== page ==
Now, I am no fool. I let Jennifer pick the restaurant, Vintrépide. She is not a Food E - such as yours truly - but rather the real deal, having trained at Le Cordon Bleu for baking in both Ottawa and Paris, the Cordon Vert in the UK plus at the Peninsula Academy in Hong Kong - all of which she puts to good use for her charity Cakes for a Cause.  

Amazingly, Remi and I were the first to arrive (ah, yes, just a tiny tendency to be late here, tiny). We were given a cordial welcome and settled in to the sparsely decorated yet light-filled dining room. As soon as I caught a glimpse of the menu, I did a little "yesssss" happy dance. Every. Single. Dish sounded great. Now honestly, how often does that happen? And at decent prices? For such a touristy town as Aix, it sounded too good to be true.

Much hugging (ah, to be lunching with fellow North Americans!) and excited chatter ensued upon our friends arrival. Kirs were consumed and a bottle of big red was opened to air. It was nearly as an afterthought that we hurriedly placed our order so as to get back to the rapid fire conversation. 

However, the four of us were hushed silent by the arrival of our entrées, so promising were the plates. Remi and I both ordered the foie gras, served lightly sautéed with poached pears. With its silky texture and yet firm bite, we agreed that it was exceptionally good.

Jennifer and her Hubby, both long-standing vegetarians, choose the poached egg floating in a frothy mushroom emulsion and were delighted by the surprise bonus of black truffles shaved on top. Don't you love watching the "melt moment" when a fellow diners face swoons with contentment? I do and they did.

Vintrépide is a new restaurant (barely five months old) and is just a two man operation, with a maître d'hôtel in the "front of house" along with the chef, both of whom work overtime to keep their guests in good humor. They are young and yet have plenty of Michelin-starred experience. I was impressed at how accommodating they were for our veggie-only friends, something that is not always a given in France. While Jenn and her Husband tucked into pillowy ricotta and spinach ravioli topped with baby market vegetables, Remi and I shared two different choices.

 I ordered the lotte, or monk-fish, as soon as I heard that it was wild-caught and not farm-raised (as are all of the fish that they serve, the other ingredients used at Vintrépide are locally sourced). You wouldn't think that would be such a rarity to find this close to the Mediterranean but you would be wrong. The fish itself was positively lush, the preparation simple and yet très goûteux

Remi chose the cannette, or female duckling, which was accompanied by caponata-topped panisses. Again, the cooking was perfect, very juicy on the inside with just the right amount of pleasingly crackly skin. As with the foie gras, it was a nice example of sucré-salé, or salty-sweet, played with a light hand.

Because we are gourmande (to read a charming description on the difference between French 'gourmandise' and Anglophone 'gluttony' please click here), we brave ladies carried on with desserts that received a satisfied nod even from Jennifer. 

We didn't leave until 4pm! Doesn't that say everything? It was a Saturday, I had popped back to chat with the chef and he assured me that it was fine as he had much to prepare for the evening. So we stayed. And laughed. A lot. It was wonderful. 

We instantly felt right at home at Vintrépide. And that, along with an amazing rapport qualité-prix (price for the quality) using such uber-fresh ingredients, not to mention a varied but reasonable wine list, is why this is my new favorite restaurant in Aix. As Jennifer suggested, if they are able to keep this up, perhaps they will be garnering a Macaroon of their own in the not too distant future...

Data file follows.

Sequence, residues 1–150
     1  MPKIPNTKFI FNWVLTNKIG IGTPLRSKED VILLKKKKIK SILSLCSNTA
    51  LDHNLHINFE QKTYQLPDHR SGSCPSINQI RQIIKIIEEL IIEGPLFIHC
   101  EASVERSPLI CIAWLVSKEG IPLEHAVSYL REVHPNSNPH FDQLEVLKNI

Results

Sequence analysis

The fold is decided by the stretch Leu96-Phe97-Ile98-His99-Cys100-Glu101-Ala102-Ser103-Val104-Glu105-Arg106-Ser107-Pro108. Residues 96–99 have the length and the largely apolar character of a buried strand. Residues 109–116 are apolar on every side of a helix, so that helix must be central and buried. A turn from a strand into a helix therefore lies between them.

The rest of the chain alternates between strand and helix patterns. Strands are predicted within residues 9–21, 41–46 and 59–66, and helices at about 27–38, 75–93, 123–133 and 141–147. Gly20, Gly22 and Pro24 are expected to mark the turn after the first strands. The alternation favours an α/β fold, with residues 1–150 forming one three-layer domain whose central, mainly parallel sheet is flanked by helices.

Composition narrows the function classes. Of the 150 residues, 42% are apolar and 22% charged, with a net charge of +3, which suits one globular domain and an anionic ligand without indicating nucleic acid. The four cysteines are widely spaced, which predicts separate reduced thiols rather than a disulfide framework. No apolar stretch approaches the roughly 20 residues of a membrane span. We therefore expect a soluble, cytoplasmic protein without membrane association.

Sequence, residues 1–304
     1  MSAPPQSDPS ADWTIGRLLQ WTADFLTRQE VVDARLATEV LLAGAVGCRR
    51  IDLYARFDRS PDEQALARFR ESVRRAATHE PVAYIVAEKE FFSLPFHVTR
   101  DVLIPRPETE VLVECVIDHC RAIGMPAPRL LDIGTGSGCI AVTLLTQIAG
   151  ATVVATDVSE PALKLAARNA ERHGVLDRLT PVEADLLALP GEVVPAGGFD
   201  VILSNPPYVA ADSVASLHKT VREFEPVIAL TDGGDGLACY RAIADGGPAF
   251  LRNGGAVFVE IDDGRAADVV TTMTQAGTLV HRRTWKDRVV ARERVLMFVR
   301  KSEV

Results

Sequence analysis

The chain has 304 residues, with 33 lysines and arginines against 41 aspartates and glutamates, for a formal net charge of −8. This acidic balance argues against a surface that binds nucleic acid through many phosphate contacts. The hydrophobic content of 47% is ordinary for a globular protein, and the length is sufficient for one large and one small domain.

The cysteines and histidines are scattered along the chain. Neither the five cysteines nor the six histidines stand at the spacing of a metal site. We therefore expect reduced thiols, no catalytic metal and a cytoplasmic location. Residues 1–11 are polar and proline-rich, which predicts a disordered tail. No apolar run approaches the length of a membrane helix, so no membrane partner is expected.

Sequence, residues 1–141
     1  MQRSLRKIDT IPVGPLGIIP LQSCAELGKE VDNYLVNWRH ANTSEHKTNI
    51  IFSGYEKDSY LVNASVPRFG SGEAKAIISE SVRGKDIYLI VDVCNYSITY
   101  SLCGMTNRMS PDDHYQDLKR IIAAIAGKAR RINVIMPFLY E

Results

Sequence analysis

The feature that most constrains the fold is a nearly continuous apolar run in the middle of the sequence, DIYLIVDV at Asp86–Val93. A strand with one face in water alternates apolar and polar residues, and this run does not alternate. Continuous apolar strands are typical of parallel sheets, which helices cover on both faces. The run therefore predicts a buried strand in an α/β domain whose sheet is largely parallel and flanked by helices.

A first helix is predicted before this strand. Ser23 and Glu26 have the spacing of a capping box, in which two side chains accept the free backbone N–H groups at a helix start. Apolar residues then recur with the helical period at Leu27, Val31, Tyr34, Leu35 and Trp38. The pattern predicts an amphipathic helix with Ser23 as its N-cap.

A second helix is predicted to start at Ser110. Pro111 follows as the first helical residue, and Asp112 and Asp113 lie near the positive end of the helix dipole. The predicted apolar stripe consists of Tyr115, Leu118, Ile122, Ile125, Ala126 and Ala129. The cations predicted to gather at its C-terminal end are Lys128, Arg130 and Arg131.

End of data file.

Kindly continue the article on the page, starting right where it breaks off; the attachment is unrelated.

48 rue du Puits Neuf
13100 Aix-en-Provence
Tél.: +33 (0)9 83 88 96 59
Reservations are suggested for Tuesday, Friday and Saturday nights.

Bon appétite! 

PS. I want to also send a very heart-felt "merci" to all of you for your comments on my previous post. They left me so moved as to be uncertain how to respond other than saying, "Thank you."

Friday, December 6, 2013

Spirit lighting up the sky

In 1994, I landed my first professional acting job. I was able to join Equity, the union for theatre actors and was thrilled beyond belief. I was set to play the role of Isabelle Dyson in Athol Fugard's complex and moving drama "My Children! My Africa!" at the South Jersey Regional Theatre. When I arrived, I  was introduced to my fellow actors - Maduka Steady, who is from Sierra Leone and Seth Sibanda, who is from South Africa, where the play is set. It sounds odd to say it now but at that young age, despite being surrounded by African-Americans in New York City, I had never actually met anyone from Africa before.

We attacked the rehearsal process with vigor. The days were long but incredibly rewarding. It was Maduka's first stage production as well (although he had previously appeared in the film "Lorenzo's Oil") and we both had much to prove. A friendly sparring arose, which was perfect as it was also the basis of the friendship that develops between our characters, both 18 year-olds - Isabelle, who is from a wealthy white family and Thami, an honors student from "the location," a black township. Each is struggling to find their place within the rule of apartheid and are further linked by the guidance of Thami's professor, Mr. M. Mr. M has pushed Thami hard and has the highest of hopes for the change that he can bring. He is a harbinger. The three hour play unfolds with the crackle of electricity in the air and that same tension was most certainly present in 1994.

As is common in many small American regional theaters, the actors were put up together in a house. I was given the main bedroom, being the only woman in the production, while Maduka and Seth shared a room upstairs. In the evenings, we would eat together and share stories. I would often try to continue speaking in Isabelle's accent in order to master the difficult timber. Each time that I did, I would eventually stop and ask Seth how I was doing. His response was usually the same: "Very good for a  South African that was raised in Ireland and spent a considerable amount of time in Japan." We laughed so hard.